The Town That Floated Away (1997) is Birdsell’s first children’s book. Influenced by her own youth experience with a flood, this book follows the adventures of Virginia Potts, a girl who is left behind when her town floats away.

Birdsell draws on her Russian Mennonite heritage in The Russländer (2001). This epic family story is set in the chaotic and violent upheaval of early 20th-century Russia. The life-changing and devastating events are remembered from a child’s perspective, that of Katya Vogt, an elderly woman now living in Winnipeg. The Russländer was shortlisted for the Scotiabank Giller Prize and was named the Saskatchewan Book of the Year. Birdsell continues the Vogt family saga in her 2005 novel Children of the Day. Sara Vogt lives in rural Manitoba, the wife of Métis Oliver Vandal and a mother of ten children. The story takes place during one day, in June 1953, a day when internal and external pressures build and threaten to destroy this family. As in her other works, it is Birdsell’s careful attention to details and individual voices that allow readers to connect with these characters.

Birdsell’s 2010 novel, Waiting for Joe, was nominated for a Governor General’s Literary Award for English Language Fiction. The novel focuses on a financially ruined homeless couple, and much of the story takes place in the parking lot of a Regina Walmart, where the couple’s stolen RV has run out of gas.

Michael Ondaatje described Birdsell as “one of our best writers — no compromises, no hesitance.” Her work has appeared in The Oxford Book of Canadian Short Stories, The Penguin Anthology of Stories By Canadian Women, and From Ink Lake, among other anthologies.

Teaching Positions

Birdsell has taught creative writing and served as writer-in-residence at universities and institutions across Canada, including the Regina Public Library, McMaster University, the University of Waterloo and the University of Alberta. In 2007, she was the Carol Shields writer-in-residence at the University of Winnipeg.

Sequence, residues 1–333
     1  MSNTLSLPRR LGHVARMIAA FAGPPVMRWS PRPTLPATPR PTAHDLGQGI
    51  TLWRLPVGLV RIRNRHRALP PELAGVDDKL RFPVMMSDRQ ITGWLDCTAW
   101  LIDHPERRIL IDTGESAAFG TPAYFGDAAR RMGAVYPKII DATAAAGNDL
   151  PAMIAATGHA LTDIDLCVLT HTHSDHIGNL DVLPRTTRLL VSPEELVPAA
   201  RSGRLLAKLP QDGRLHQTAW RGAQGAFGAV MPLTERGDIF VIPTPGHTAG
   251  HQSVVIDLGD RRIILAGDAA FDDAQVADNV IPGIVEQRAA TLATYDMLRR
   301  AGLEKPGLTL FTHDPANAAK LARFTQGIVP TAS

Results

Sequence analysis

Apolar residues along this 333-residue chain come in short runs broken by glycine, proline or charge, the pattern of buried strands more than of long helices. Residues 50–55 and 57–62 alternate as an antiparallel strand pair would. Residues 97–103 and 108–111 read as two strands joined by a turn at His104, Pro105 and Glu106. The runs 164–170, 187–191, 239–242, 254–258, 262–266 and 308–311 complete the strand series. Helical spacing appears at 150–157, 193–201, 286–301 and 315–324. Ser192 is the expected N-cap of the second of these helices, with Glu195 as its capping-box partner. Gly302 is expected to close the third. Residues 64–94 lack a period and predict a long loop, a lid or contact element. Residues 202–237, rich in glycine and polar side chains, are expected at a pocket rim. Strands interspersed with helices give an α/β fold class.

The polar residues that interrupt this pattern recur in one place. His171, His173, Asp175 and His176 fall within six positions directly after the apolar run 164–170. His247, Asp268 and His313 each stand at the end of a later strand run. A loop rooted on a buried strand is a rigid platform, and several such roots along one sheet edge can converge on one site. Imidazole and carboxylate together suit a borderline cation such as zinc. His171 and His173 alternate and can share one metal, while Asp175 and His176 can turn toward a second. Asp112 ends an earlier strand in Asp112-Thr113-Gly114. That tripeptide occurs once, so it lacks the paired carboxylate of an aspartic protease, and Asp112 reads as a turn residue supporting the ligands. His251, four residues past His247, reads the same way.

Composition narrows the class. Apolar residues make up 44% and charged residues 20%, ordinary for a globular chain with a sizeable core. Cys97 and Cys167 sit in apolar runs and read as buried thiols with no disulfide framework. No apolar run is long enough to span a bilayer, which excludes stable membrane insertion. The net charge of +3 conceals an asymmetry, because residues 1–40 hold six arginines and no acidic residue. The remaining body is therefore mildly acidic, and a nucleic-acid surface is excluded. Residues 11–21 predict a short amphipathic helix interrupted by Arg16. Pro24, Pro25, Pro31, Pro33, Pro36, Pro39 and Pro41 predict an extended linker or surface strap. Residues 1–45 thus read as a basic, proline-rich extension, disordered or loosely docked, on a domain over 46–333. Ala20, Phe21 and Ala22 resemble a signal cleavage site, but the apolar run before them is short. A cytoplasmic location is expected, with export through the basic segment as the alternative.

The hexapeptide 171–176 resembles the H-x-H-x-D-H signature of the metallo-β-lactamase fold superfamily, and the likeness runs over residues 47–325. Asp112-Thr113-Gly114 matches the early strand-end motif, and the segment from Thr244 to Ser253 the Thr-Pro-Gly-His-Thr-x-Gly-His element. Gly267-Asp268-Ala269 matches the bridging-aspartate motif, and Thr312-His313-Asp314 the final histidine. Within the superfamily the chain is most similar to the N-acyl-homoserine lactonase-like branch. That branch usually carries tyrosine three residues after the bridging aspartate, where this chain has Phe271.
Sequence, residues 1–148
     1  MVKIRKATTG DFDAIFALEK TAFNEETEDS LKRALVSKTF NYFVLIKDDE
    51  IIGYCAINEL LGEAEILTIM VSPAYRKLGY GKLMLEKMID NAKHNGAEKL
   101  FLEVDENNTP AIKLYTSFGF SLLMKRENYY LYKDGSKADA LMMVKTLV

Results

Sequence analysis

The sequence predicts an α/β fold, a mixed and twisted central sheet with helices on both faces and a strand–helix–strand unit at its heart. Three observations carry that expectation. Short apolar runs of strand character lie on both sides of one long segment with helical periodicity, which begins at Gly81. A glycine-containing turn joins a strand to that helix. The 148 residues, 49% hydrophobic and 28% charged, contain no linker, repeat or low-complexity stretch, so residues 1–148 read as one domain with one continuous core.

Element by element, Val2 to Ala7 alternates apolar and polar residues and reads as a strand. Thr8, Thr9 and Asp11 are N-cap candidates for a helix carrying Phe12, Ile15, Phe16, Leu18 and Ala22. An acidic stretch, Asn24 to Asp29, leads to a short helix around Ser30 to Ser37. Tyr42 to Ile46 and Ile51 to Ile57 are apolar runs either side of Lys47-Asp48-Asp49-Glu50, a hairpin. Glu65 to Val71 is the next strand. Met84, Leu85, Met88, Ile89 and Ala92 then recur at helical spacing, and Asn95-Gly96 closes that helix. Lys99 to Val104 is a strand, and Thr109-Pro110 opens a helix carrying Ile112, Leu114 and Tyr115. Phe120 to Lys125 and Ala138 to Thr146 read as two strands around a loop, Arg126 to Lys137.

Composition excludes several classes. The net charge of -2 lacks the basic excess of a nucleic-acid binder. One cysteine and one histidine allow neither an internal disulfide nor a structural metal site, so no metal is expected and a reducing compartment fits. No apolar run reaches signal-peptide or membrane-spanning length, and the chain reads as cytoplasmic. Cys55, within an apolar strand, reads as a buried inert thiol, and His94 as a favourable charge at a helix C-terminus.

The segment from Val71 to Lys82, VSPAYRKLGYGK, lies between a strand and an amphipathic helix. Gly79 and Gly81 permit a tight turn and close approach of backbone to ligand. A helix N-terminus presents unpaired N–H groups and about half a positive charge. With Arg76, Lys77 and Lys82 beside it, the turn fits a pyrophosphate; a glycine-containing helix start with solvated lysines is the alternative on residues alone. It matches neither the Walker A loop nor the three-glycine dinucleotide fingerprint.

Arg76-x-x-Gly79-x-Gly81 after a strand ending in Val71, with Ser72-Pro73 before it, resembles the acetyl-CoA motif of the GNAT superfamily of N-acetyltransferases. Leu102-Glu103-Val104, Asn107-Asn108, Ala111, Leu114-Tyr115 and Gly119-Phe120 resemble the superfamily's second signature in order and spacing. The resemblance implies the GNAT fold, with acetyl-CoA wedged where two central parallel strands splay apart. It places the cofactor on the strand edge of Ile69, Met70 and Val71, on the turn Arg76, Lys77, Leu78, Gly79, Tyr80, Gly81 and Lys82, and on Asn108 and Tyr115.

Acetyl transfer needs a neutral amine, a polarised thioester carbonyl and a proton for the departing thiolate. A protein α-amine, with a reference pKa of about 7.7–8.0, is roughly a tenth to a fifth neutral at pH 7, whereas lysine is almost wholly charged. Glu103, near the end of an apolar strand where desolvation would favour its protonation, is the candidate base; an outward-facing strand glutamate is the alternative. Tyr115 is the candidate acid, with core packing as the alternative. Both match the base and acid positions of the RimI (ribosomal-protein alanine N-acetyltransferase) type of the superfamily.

Honours and Awards

  • Gerald Lampert Award for Night Travellers, League of Canadian Poets (1984)
  • First Novel Award for The Missing Child, WH Smith Books in Canada (1989)
  • Joseph B. Stauffer Award for Meritorious Achievement, Canada Council for the Arts (1991)
  • Shortlist, Governor General’s Award for The Chrome Suite (1992)
  • Writer’s Trust Engel/Findley Award — a prize given to a Canadian woman writer in mid-career for her body of work (1993)
  • Nominated, Juno Award for The Child’s Play Collection (1994)
  • Saskatchewan Children’s Literature Award for The Town That Floated Away (1997)
  • Shortlist, Governor General’s Award for The Two-Headed Calf (1997)
  • Book of the Year for The Two-Headed Calf, Saskatchewan Book Awards (1997)
  • Shortlist, Silver Birch Award for The Town That Floated Away, Ontario Library Association (2000)
  • Shortlist, the Scotiabank Giller Prize for The Russländer (2001)
  • Saskatchewan Book of the Year for The Russländer (2001)
  • Longlist, International Dublin Literary Award for Children of the Day (2007)
  • Shortlist, Governor General’s Award for Waiting for Joe (2010)
  • Member, Order of Canada (2010)
  • Member, Saskatchewan Order of Merit (2012)
  • Queen Elizabeth II’s Diamond Jubilee Medal (2002)
  • Cheryl and Henry Kloppenburg Award, Saskatchewan Writers’ Guild (2014)

Indigenous Perspectives Education Guide

Indigenous Peoples Collection

Further Reading

  • Emma LaRocque, “Contemporary Métis Literature: Resistance, Roots, Innovation,” in Cynthia Conchita Sugars, ed., The Oxford Handbook of Canadian Literature (2016).

External Links